Their wingspan measures approximately 25-30 cm and they weigh between 80-150 g. They are commonly found on shallow lakes, marshes, and ponds in Uganda’s savanna regions. African jacanas have a very interesting behavior: when mating, the males tend to do all of the nesting and incubating duties while their mates fly off to seek other mates.

This behavior, however, can also lead to some conflict between males over territory and eggs. These birds are often seen in groups of two or three and use their long toes to walk across the vegetation while they hunt for food.

African jacanas are important part of the ecosystem in Uganda because they help control insect populations, spread seeds, and aerate the soil. They are currently listed as a species of least concern, but their habitats need to be protected in order for them to continue to thrive.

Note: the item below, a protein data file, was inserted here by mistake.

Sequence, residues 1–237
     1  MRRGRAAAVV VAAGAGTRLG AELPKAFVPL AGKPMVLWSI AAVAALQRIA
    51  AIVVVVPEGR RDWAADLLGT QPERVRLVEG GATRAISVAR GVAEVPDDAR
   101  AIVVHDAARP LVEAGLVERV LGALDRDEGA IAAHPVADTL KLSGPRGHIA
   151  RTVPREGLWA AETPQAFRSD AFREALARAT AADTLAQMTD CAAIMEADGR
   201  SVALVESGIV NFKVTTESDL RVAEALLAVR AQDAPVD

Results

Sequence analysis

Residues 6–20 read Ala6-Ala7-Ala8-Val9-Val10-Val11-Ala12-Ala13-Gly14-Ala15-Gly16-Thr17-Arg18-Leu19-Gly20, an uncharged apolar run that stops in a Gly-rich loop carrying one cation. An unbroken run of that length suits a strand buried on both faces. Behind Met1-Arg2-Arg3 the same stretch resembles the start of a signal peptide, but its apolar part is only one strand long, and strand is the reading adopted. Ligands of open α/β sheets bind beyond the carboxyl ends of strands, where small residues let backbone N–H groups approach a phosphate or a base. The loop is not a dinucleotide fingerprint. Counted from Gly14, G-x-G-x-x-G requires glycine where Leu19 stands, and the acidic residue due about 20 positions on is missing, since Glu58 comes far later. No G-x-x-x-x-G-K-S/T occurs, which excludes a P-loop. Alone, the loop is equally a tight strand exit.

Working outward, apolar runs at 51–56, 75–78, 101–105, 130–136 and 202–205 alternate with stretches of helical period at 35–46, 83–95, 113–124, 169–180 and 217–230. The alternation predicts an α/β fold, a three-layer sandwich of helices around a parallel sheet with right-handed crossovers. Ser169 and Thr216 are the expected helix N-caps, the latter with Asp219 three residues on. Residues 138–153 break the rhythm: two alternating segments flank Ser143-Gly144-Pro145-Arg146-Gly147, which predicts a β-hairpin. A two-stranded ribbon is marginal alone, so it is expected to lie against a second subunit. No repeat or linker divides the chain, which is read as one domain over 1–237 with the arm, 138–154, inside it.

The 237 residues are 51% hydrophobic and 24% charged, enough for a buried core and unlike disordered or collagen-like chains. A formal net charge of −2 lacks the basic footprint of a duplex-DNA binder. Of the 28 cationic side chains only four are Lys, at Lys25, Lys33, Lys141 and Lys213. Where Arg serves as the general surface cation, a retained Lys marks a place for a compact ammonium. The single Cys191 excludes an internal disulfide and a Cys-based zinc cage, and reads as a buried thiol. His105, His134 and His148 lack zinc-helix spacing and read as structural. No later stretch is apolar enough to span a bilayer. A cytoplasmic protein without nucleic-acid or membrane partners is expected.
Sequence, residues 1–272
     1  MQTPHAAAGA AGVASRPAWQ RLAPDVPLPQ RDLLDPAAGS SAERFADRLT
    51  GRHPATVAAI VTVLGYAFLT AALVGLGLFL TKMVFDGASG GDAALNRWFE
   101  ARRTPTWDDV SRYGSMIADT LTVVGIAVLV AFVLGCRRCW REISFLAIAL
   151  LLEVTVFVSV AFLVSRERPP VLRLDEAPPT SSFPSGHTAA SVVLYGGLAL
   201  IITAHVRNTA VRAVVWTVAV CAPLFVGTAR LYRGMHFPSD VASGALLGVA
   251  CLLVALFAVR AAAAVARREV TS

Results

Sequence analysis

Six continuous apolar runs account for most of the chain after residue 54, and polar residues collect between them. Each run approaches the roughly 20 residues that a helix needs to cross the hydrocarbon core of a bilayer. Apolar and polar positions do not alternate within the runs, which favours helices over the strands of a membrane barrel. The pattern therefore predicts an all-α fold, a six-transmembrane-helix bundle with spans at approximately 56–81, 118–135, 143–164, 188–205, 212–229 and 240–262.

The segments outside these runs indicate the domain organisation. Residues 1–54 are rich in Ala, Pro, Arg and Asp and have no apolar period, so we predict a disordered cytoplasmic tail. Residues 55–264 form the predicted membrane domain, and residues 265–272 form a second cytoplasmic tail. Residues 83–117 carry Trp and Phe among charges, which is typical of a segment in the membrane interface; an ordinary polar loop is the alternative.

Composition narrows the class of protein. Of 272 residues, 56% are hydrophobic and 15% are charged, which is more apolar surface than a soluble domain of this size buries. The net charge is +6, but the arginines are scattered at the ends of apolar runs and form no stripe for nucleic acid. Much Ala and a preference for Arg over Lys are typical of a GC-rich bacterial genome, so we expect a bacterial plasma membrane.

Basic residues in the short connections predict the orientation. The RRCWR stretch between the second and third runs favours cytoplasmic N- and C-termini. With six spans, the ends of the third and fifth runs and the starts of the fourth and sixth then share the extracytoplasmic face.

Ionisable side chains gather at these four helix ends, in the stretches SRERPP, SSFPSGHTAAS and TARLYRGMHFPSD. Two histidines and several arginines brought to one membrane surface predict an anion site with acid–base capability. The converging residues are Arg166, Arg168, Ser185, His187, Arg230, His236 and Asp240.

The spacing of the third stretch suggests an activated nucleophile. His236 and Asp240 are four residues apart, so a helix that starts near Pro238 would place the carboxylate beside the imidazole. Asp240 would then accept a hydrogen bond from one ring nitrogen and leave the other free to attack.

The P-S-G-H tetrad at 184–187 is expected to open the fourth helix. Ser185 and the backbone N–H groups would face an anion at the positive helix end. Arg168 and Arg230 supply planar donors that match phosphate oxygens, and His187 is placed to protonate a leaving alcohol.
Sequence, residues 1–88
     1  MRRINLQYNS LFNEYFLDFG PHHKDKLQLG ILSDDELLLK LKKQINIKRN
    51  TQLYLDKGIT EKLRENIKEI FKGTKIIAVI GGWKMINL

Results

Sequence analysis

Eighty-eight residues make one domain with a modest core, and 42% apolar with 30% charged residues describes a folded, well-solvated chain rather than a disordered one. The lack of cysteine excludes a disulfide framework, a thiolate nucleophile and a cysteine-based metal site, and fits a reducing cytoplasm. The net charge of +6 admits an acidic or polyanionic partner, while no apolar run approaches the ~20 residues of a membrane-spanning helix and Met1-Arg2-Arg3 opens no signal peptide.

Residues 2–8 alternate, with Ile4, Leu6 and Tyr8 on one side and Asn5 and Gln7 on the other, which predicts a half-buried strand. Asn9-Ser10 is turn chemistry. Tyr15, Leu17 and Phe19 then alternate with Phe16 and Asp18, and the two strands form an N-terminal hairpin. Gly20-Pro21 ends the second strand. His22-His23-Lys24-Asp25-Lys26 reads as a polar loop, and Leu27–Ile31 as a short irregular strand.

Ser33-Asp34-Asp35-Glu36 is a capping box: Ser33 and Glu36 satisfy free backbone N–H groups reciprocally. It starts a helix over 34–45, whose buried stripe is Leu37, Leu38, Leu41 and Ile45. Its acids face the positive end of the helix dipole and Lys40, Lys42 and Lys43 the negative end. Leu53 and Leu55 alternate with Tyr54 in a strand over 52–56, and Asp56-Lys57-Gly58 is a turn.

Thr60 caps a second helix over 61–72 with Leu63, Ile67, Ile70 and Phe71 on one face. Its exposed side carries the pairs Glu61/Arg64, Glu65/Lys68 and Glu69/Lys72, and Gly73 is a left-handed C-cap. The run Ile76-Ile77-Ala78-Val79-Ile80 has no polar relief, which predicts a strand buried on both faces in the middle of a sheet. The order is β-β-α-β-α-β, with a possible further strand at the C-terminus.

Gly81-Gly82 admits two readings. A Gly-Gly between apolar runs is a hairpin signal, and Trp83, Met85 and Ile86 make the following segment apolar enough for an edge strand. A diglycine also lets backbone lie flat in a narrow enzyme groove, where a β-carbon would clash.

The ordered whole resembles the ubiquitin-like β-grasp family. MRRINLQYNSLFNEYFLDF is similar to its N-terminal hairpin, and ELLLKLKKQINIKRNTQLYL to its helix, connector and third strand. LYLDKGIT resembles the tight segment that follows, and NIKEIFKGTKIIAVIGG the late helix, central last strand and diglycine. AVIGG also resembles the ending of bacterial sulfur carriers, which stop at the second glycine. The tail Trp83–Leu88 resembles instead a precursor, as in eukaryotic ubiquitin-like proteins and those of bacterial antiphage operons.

African Jacana range map

Yellow-billed Oxpecker

Yellow-billed Oxpecker

(Buphagus africanus) is a species of bird found in Uganda. It has a distinctive black and yellow plumage with a yellow bill, dark eyes and a slightly curved black beak. The adult birds reach a length of about 15 cm and weigh around 48 g.

The Yellow-billed Oxpecker primarily feeds on ticks and other external parasites of large mammals such as antelope, buffalo, giraffe, wildebeest and zebra. It also feeds on the new growth of grasslands during dry season and fruit in the wet season.

Yellow-billed Oxpeckers are found in open woodlands, savannas and grasslands across Uganda. They are usually seen near herds of large mammals, such as buffalo and zebra, on which they feed.

The behavior of the Yellow-billed Oxpecker is quite unique; they often perch on the backs of these large mammals to feed on ticks and other external parasites, as well as screeching from time to time to alert their host of predators or other potential danger. They also form long-term monogamous relationships, with pairs often staying together for many years. This species is highly social, and can often be seen in small flocks of up to 20 individuals.